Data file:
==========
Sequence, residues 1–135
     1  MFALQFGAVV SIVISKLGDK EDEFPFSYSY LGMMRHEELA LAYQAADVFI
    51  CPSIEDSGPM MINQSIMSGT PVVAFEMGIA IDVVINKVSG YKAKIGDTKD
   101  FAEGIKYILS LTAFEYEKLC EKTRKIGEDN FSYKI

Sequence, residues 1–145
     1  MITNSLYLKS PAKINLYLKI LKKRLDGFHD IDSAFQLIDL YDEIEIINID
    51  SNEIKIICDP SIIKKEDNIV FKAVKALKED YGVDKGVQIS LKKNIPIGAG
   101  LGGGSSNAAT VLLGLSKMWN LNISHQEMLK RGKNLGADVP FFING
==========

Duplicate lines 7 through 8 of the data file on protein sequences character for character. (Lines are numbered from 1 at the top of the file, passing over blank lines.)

    51  SNEIKIICDP SIIKKEDNIV FKAVKALKED YGVDKGVQIS LKKNIPIGAG
   101  LGGGSSNAAT VLLGLSKMWN LNISHQEMLK RGKNLGADVP FFING